Head Men's Basketball Coach – Pratt Cannoneers
Game 4 of the NBA Finals is just winding down and I think a big reason the Warriors were able to tie up the series at 2-2, was due to the game-to-game adjustments that head coach Steve Kerr made.
Admittedly, I was slightly wary when I saw that Golden State was switching up its starting lineup and going to a smaller starting five. Inserting Andre Iguadola for Andrew Bogut proved to be the right move for the Warriors. It appeared to be a total misjudgment when the Cavs started out the game on an enormous run, but things evened out as they tend to in a series or game between two excellent teams.
But to be honest, I’m still not certain I would have done the same thing. The result was good, but was the process correct? My argument for why the process may not have been correct, is that it seemed to be a snap reaction on the part of Warriors coach Steve Kerr. An overreaction to back-to-back losses. If the Warriors were up 2-1 headed into the game, wouldn’t Andrew Bogut still be taking the tip? Why make that change after two losses, when it helped you to 67 wins in the regular season?
It’s very easy for me to sit back on the couch and say that, especially because we did the same thing at Bard. During a tough stretch this season, we overreacted to a matchup we were worried about and started a smaller lineup than usual at home against Clarkson. We went away from the two-big lineup that had helped us to big wins over Hobart, Vassar and Union through that point in the season and ended up getting smashed on the boards and at the end of the game, on the scoreboard.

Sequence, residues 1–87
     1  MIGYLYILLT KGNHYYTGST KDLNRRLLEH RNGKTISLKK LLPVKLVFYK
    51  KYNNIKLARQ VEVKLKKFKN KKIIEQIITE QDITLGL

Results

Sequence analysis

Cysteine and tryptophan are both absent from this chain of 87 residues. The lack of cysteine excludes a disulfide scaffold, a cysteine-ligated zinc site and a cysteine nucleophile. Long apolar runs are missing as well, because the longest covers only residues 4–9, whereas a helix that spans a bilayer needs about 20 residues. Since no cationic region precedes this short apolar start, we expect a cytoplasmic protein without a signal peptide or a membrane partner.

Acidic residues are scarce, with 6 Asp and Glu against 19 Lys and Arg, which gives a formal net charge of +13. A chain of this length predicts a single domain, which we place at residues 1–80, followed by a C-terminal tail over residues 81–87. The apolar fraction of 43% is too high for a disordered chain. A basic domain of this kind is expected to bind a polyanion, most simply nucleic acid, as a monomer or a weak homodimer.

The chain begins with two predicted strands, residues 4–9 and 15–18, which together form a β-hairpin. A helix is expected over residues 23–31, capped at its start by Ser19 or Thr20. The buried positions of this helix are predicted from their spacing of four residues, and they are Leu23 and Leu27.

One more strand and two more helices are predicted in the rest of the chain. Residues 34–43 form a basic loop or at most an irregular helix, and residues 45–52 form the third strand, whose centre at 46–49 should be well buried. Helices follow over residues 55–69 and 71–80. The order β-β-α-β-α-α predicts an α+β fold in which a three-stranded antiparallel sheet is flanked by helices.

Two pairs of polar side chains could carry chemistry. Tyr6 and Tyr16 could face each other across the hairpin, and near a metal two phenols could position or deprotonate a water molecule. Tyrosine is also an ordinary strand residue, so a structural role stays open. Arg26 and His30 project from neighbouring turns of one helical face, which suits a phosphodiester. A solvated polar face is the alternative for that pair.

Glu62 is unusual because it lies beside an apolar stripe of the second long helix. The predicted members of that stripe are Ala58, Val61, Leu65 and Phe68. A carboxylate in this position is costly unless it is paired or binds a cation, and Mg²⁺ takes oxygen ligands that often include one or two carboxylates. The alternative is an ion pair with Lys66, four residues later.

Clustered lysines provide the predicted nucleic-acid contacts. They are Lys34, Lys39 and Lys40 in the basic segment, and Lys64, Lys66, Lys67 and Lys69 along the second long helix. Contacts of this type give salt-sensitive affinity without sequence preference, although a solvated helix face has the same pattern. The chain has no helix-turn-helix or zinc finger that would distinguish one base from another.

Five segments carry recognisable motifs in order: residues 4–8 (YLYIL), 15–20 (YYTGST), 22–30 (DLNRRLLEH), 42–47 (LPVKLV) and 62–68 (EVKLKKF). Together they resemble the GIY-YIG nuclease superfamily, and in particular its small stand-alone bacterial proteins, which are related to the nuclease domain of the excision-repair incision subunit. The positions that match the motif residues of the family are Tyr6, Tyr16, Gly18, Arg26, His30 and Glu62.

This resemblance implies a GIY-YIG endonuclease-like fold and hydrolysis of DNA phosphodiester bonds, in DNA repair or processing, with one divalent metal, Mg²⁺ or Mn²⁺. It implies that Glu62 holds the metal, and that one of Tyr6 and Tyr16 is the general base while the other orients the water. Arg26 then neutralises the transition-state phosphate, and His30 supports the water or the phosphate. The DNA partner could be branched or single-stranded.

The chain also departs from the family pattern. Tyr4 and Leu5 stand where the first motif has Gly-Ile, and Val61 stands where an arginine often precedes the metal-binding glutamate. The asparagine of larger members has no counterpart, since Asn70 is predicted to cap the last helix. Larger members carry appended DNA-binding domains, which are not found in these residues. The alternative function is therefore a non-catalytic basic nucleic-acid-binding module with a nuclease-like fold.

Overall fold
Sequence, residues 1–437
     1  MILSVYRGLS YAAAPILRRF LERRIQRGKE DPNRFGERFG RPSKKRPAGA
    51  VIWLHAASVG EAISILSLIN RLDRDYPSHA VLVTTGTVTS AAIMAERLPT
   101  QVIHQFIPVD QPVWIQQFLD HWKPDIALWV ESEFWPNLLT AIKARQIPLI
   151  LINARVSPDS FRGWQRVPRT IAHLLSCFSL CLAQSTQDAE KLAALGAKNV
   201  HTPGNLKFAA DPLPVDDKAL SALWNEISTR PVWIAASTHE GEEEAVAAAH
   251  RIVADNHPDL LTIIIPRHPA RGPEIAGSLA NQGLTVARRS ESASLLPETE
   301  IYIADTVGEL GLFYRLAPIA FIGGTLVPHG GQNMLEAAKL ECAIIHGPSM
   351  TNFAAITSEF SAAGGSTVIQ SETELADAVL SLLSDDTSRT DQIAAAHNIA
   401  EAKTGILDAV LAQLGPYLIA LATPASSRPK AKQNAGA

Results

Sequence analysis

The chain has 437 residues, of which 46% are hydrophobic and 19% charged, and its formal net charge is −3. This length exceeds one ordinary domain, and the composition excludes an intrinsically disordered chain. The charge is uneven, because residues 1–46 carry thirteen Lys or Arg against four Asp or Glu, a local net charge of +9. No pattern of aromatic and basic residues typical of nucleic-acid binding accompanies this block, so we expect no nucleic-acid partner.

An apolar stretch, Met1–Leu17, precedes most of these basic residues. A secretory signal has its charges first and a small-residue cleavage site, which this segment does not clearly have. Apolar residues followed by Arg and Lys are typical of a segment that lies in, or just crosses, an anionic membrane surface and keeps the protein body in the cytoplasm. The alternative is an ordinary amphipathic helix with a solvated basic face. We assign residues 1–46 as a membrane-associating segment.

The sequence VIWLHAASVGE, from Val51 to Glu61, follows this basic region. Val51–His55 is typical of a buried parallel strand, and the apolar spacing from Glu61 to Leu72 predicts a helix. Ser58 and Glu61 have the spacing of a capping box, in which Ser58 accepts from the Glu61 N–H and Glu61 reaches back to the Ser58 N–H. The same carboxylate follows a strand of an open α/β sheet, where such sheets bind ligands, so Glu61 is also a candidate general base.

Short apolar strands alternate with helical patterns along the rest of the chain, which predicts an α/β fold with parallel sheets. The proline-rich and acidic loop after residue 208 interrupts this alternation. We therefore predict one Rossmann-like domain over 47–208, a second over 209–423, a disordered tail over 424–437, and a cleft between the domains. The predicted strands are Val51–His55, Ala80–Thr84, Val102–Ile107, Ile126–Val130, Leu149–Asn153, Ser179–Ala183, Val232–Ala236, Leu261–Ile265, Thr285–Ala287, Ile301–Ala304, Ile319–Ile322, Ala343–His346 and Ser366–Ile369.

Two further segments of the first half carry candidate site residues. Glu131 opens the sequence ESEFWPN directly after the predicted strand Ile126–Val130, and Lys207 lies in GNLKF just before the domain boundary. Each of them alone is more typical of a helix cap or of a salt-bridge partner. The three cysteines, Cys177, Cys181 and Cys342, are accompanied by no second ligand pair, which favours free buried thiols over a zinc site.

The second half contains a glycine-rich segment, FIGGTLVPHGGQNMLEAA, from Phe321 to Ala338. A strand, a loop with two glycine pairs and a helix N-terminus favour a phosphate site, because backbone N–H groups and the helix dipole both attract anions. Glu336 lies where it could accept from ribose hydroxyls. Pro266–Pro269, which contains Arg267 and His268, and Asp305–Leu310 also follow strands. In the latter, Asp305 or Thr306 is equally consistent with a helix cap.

The changes that I did like from Kerr and the Warriors staff were how they mixed things up defensively. Right from the start they were varying ball screen defenses and even trapped the first one that LeBron James tried to come off of. Smartly, they did not stick with the aggressive trap for the entire game, because LeBron would have eventually adjusted and beaten them on it. Additionally, the Warriors were way more aggressive in forcing the ball out of LeBron’s hands on isolations and post ups. They sagged off role players like Matthew Dellavedova and JR Smith and made those lesser commodities beat them. And they didn’t tonight.
Sure, Timofey Mozgov had the night of his life. He did an excellent job exploiting his mismatch and bullying around the smaller Warriors’ centers. But we preach to our players, and I’m sure Kerr does that same with his, that one guy playing out of his mind doesn’t hurt you — especially if you’ve taken the best player in the world back down to an average level.
There were a million other factors that played a part in this game, including Dellavedova tiring out, Andre Iguadola taking advantage of his mismatch and LeBron smashing his head into a camera. But this win was a coaching coup for the Warriors thanks to their great adjustments, even the lineup change that I disagreed with.
So bravo Steve Kerr and staff. Can’t wait to see what you have for us in game five.